When a diamond halo is paired with a central diamond, it gives the stone the impression of being much larger than it actually is. When paired with a darker gemstone, it brings light and sparkle to the piece. Halos are particularly lovely in rings and stud earrings, but they also find their way into pendants and other jewelry pieces.
“Pavé” is the french word for “paved”. This jewelry style refers to the appearance of a cobblestone street, tiny diamonds fitting together in a glittering expanse. Often in a pavé setting the accent diamonds run along the ring band, but sometimes they’re used creatively to cover a large amount of space, such as this pavé diamond ring here.
They’re quite affordable compared to larger diamonds and give the look of something much more flashy and expensive. Pavé stones are usually 0.01-0.02 carats. These tiny diamonds are held in place with metal beads or prongs.
One thing to be aware of: although a pavé diamond band creates a stunning statement, it makes resizing your ring very difficult. If you’re looking at a full pavé diamond setting, make sure you know the exact right size before purchasing. Alternatively, you can look at a ring with pavé diamonds going only half way or less around the band, leaving a strip of solid metal at the back for any future sizing or repair issues.
Following the cobblestone footsteps of pavé diamonds, micropavés refer to stones less than 0.01 carats. Each perfectly faceted accent stone looks like a little pinprick of light.
Unlike the pavé setting, micropavé band rings often can’t be distinguished as individual diamonds without looking very closely. They’re small enough that you can have several rows of them side by side, which gives the ring a wash of glittering light reminiscent of the Milky Way.
8. Channel Set
Channel settings are similar to pavés in that they use several very small diamonds all together. The difference is that while pavé diamonds are held in place individually by tiny beads or prongs, channel set diamonds are held in place by a strip of metal on either side that runs along the length of the band.
While you can often find channel set round diamonds, the effect is particularly stunning with geometric shapes like princess cut and baguette diamonds. The channel setting puts the straight edges side by side and makes it look like a solid diamond road all the way around the ring. Here is a good example of a perfectly crafted channel set band.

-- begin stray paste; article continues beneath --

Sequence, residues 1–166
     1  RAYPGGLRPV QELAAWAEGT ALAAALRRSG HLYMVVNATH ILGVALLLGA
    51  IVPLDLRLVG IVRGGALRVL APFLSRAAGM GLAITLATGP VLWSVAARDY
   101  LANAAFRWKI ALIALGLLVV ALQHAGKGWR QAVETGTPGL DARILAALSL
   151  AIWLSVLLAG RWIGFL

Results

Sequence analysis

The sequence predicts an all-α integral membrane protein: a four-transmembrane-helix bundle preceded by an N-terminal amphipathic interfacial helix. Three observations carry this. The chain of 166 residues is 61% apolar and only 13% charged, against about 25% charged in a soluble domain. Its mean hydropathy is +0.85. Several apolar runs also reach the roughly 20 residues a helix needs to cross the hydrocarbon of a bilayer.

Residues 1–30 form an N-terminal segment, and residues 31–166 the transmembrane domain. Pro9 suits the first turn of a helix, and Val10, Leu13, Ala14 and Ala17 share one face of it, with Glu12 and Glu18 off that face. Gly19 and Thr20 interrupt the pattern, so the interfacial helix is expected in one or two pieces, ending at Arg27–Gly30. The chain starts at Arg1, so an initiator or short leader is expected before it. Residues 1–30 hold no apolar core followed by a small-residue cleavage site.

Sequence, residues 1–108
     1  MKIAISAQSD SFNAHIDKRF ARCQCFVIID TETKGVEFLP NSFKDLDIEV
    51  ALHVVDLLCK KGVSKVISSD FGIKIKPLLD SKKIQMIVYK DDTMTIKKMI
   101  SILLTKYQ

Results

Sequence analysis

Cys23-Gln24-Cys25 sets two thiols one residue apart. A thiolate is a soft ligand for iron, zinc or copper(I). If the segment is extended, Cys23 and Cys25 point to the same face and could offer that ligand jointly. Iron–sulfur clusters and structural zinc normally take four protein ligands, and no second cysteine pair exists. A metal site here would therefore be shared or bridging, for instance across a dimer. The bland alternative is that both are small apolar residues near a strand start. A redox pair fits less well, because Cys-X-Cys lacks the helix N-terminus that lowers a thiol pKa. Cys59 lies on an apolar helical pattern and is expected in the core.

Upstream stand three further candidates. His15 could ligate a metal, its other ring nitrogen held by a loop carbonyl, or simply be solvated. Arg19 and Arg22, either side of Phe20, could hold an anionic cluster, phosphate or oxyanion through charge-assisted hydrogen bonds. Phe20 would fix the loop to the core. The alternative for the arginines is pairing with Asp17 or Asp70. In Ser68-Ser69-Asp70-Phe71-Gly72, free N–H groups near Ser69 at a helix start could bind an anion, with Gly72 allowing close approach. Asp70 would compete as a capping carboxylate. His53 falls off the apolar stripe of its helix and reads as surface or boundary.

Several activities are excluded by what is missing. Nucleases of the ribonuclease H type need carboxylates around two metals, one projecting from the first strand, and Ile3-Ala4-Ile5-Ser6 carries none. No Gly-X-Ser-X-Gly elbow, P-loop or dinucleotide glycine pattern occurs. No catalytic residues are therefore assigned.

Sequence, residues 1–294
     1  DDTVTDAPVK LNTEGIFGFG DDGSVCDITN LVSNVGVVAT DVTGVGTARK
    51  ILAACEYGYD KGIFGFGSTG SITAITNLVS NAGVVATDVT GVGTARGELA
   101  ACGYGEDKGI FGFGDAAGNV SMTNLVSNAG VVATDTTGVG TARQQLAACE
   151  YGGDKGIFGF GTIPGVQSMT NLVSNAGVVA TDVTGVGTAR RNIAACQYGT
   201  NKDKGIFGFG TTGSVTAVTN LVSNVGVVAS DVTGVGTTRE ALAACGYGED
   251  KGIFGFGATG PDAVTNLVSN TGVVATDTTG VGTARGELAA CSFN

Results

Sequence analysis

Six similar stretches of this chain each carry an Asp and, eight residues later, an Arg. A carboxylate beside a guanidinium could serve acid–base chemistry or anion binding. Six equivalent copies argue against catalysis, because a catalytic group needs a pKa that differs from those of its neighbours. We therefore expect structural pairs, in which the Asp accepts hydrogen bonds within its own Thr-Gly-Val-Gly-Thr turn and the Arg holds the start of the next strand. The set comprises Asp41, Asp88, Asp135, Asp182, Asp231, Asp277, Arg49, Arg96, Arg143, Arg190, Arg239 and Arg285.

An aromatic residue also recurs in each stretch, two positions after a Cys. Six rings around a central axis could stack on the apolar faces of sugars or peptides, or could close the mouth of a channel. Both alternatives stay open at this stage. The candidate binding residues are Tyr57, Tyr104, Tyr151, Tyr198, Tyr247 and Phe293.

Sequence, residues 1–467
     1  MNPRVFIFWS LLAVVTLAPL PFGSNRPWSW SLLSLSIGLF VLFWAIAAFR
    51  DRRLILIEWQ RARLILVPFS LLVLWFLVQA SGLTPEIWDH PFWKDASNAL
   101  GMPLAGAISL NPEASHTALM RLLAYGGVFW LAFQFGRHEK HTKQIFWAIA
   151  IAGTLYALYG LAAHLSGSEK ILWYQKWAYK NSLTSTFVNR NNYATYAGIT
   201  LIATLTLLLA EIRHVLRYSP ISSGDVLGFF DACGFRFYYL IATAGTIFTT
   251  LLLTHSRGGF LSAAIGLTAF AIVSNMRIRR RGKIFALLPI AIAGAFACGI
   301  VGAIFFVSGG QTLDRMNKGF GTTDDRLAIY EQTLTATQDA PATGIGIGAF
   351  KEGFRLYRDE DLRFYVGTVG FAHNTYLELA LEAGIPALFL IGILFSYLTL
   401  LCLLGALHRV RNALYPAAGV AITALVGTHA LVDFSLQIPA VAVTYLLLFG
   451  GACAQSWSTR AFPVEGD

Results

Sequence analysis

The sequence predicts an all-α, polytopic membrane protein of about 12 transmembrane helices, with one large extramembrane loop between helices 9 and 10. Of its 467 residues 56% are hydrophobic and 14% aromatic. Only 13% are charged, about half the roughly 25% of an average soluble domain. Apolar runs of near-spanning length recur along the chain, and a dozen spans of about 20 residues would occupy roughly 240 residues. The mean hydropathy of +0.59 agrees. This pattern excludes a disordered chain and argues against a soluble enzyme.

Diamond Accent FAQs
Diamond accents certainly do add value to a piece of jewelry, both in terms of the carat weight of the diamonds and the additional craftsmanship used to set each one. In terms of “scrap value”, however, it would be difficult to resell any accent diamonds on their own.
Jewelry manufacturers buy very small diamonds in quantities of 100 carats TCW (total carat weight, remember?) or more quite inexpensively, which gives them the financial flexibility to play with different designs. Like larger diamonds, the value of diamond accents depends on their quality, size, and complexity of their cut.
Just like large diamonds, the security of diamond accents depends on the type and quality of the setting. Channel and bezel set accent stones are the most secure; prong settings are a little bit more susceptible to everyday wear. When looking at halo or pavé set diamonds, it’s worth familiarizing yourself with the jewelry retailer’s warranty and replacement policy.
The good news is that losing these stones is still relatively uncommon, and replacing them is quite affordable and straightforward.
Accent diamonds are graded with the same factors in mind as larger diamonds, particularly color and clarity. The difference is that most accent diamonds will be given a grading range rather than one specific grade, for example G-H rather than G color or VS rather than VS1 or VS2.
In general, larger accent stones will be more likely to have detailed grading information than smaller ones. For instance, the side stones in a three-stone ring will be more likely to have specific characteristics listed on the ring’s grading report than the diamond accents in a micropavé band.
No. Like many fine jewelry decisions, it really depends on personal preference. If you have a diamond of rare, exceptional quality, a classic solitaire might be the right choice for you. But if you prefer a slightly flashier look or you want to enhance a smaller stone, a ring with a diamond accent might appeal to your specific tastes.
Diamond Accents: Supporting Without Stealing the Show
There is nothing wrong with letting your diamond take the stage as a solo act. However, accent diamonds open up an entire world of creative possibility. You can find petite diamonds in jewelry that’s subtle and ostentatious, retro and contemporary, poetically feminine and forcefully geometric. There are accent diamonds to fit every personality.
As with all things in the fine jewelry world, the right piece will always be the one that’s right for you.